Home / Livestock / Hogs / Manure spill prompts lawsuit

Manure spill prompts lawsuit

Jeff Caldwell 11/25/2013 @ 11:26am Multimedia Editor for Agriculture.com and Successful Farming magazine.

A manure spill on an Iowa farm operated by Carlyle, Illinois-based The Maschhoffs, has the company facing legal action.

A manure spill at a sow facility in southeastern Iowa earlier this month saw manure make it to the nearby Des Moines River via a creek on the farm, reports show. That incident is now the target of a lawsuit filed by Iowa Citizens for Community Improvement (ICCI), an environment and community watchdog organization.

"The violations detailed in this notice of intent are acute and contribute to water quality degradation and impairments in waters of the United States. If left unabated, Iowa CCI and the HSUS (Humane Society of the United States, also a litigant in the suit) expect the continuing nature of the systemic failures at this facility to cause further damage to the facility's receiving creeks as well as the Des Moines River and its interstate receiving waters," according to the letter of intent filed by attorneys for ICCI and HSUS. "On numerous occasions, there have been systemic failures to the sow unit's animal waste management system, including its piping system, resulting in spills of thousands of gallons of swine waste and combined process wastewater onto the land and into one or more tributaries of the Des Moines River."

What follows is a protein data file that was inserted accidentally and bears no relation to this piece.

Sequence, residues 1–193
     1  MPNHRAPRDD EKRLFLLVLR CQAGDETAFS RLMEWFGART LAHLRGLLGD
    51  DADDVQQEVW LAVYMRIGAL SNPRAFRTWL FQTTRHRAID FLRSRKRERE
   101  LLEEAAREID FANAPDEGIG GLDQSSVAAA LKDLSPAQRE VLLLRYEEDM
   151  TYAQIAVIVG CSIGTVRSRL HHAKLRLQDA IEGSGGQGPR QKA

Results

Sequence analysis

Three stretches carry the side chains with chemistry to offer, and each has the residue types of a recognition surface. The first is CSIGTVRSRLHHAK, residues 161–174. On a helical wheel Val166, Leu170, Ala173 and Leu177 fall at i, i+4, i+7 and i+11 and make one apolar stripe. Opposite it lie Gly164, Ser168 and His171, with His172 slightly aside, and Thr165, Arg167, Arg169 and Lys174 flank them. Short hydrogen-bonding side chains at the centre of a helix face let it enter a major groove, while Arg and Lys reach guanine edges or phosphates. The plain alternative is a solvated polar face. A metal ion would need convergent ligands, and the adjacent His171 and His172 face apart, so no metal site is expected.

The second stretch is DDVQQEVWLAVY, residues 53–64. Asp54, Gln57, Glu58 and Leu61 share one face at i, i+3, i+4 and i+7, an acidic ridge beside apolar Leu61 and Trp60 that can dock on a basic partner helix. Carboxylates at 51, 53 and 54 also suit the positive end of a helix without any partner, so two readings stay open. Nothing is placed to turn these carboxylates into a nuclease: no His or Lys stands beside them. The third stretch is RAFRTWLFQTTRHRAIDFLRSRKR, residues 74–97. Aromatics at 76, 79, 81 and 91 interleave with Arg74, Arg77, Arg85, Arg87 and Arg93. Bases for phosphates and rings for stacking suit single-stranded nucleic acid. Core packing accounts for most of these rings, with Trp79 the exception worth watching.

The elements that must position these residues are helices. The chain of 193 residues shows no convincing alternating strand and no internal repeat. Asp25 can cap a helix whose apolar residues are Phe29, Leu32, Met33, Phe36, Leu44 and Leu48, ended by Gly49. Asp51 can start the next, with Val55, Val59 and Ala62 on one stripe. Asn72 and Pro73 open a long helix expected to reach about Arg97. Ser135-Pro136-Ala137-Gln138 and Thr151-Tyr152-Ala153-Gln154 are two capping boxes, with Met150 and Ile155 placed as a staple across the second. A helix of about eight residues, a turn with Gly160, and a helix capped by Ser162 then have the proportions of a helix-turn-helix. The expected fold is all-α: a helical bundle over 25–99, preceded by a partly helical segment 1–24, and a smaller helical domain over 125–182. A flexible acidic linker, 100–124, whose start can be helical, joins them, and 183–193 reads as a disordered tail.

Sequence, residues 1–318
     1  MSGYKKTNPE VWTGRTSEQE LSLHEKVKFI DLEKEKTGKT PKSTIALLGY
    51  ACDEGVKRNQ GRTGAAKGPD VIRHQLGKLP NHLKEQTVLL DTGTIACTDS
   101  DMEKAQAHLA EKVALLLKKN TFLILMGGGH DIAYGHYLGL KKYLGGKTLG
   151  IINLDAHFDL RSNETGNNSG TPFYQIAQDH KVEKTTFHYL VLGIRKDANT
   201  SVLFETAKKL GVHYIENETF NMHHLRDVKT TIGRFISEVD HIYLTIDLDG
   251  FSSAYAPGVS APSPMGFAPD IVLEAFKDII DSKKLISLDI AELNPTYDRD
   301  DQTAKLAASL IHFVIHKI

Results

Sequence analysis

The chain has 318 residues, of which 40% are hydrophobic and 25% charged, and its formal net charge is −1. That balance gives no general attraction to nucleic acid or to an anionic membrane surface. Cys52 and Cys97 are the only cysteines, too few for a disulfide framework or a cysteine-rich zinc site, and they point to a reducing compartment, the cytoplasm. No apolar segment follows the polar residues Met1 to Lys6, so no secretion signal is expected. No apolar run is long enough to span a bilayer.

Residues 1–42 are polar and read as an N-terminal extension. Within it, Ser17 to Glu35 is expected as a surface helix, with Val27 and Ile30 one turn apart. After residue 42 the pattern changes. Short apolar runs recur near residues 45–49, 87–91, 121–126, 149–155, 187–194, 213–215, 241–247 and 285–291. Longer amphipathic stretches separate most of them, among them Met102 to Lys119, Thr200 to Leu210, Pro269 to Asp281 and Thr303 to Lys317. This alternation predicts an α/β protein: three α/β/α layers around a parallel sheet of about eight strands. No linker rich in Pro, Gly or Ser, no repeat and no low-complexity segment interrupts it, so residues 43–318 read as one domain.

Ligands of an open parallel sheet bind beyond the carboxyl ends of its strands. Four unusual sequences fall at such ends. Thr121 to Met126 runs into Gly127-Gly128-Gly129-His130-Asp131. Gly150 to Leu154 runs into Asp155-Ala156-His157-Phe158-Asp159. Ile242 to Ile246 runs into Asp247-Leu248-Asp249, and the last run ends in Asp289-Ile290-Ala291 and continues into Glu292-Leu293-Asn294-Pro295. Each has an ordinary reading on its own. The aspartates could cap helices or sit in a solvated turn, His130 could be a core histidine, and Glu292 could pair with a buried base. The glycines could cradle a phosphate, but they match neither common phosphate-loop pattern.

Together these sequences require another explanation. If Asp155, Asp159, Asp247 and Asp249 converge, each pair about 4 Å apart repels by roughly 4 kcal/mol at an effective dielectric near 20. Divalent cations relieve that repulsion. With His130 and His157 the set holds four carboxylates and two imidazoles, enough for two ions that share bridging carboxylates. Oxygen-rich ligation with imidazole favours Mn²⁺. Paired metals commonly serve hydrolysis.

Documents indicate the farm in question has had major spills twice in the last six years, once in 2007 and once in 2011.

CancelPost Comment
MORE FROM JEFF CALDWELL more +

Midwest Temps Dip; Frost Chances Remain Low By: 09/11/2014 @ 6:29am The system that brought monsoon-type rainfall to parts of the Midwest over the last few days has…

Don't Neglect Safety This Harvest By: 09/10/2014 @ 8:57am Harvest is here (or close, depending on your location). It's about the craziest time of the…

Storing Grain Outside This Fall? Keep It Dry… By: 09/10/2014 @ 6:51am If crop output projections reach fruition this fall, there could be a lot of corn and soybeans…

MEDIA CENTERmore +
This container should display a .swf file. If not, you may need to upgrade your Flash player.
Improving Soil Health